This afternoon, I wrote about how Volkswagen was spamming Google.
Now it was funny, because Danny and I were chatting on the Daily Search Cast and we were talking about how the Google Enterprise blog featured Volkswagen’s web site as using their search service smack in the middle of their site.
Deal is, while Danny was chatting, he noticed that Volkswagen was spamming Google by hiding text. Basically, the Volkswagen site did not show text that was found within the site code. I.e. Only Google saw the text but me or you as a human did not.
This clearly goes against Google’s quality guidelines and can result in a site being banned from their index.
Avoid hidden text or hidden links.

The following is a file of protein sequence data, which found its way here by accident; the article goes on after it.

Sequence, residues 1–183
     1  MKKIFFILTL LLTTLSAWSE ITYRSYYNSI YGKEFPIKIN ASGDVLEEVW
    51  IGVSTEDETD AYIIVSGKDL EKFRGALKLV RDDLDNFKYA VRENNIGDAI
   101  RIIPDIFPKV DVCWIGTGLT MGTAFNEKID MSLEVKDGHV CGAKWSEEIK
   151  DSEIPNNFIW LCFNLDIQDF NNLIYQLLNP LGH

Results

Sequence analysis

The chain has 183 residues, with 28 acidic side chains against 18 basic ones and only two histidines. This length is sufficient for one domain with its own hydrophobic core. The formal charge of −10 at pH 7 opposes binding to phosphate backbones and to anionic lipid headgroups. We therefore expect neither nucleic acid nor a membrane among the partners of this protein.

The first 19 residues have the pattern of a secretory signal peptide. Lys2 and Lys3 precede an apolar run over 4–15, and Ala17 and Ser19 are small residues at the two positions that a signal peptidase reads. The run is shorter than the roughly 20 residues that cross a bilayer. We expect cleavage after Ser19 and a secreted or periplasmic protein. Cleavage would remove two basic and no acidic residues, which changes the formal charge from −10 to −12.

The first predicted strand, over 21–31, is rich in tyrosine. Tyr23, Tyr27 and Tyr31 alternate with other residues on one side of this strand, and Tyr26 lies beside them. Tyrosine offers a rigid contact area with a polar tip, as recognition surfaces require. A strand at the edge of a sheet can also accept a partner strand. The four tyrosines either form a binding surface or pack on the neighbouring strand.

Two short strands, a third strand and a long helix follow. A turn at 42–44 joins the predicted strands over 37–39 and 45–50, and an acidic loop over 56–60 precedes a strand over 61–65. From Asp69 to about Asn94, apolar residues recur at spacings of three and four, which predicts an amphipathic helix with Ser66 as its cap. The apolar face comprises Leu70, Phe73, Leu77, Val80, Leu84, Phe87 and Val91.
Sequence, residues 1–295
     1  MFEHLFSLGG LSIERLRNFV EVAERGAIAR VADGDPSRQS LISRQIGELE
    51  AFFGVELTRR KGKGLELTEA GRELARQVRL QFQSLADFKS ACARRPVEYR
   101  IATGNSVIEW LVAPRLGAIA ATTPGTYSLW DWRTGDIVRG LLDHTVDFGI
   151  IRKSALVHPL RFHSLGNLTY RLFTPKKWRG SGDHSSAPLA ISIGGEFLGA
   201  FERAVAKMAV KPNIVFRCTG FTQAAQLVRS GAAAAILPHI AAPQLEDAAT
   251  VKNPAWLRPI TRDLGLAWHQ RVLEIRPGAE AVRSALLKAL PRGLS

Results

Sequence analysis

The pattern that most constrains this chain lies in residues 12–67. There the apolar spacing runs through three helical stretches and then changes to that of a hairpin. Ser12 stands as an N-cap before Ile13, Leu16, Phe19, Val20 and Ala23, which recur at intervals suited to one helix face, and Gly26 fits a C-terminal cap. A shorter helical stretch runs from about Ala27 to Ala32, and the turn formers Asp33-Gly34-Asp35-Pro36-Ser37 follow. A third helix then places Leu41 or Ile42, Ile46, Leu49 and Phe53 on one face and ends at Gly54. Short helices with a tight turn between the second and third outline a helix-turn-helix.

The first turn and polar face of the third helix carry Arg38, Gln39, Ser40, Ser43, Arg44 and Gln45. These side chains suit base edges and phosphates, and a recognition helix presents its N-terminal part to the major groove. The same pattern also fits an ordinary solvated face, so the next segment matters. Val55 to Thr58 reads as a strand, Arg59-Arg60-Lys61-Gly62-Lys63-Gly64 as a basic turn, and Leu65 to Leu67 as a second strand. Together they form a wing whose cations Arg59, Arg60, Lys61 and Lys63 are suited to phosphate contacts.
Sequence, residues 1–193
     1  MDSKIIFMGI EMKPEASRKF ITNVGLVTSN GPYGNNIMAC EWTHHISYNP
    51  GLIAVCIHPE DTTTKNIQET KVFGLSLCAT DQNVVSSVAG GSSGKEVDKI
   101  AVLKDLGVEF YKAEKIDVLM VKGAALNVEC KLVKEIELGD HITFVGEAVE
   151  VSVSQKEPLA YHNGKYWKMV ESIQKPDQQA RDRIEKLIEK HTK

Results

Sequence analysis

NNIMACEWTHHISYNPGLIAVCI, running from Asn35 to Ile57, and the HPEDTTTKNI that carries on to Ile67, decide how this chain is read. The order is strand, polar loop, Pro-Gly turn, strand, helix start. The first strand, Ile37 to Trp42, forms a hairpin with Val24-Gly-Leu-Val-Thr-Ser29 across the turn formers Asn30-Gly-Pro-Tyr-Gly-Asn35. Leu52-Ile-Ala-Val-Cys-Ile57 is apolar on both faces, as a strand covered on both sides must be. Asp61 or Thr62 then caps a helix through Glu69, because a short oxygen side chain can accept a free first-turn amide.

So Google actually acknowledge Volkswagen’s wrong doing;
Barry Schwartz over at Search Engine Land pointed out that the VW of America site that I previously blogged about was including site keywords in an invisible div layer on site pages, which is not in keeping with Google site quality guidelines. I reached out to the technical director of VW’s creative agency and found out that they were including the keywords in this manner to increase the amount of content crawled by the Google Search Appliance for the Flash-based pages of the site. Once alerted to this, VW switched to including relevant keywords in the META data in the of the web pages on the site, an approach that is in keeping with Google quality guidelines. Thanks to Barry for pointing this out and to VW for being so responsive to the issue.
Nice, so Volkswagen gets personalized Google support for this and will not be deindexed from Google. Nice to know people in high places, I guess.
In any event, I am happy Google responded to this report. I am not really to thank for this, Danny is. He spotted it and asked me to write about it. But I don’t mind taking the credit. Thanks Danny!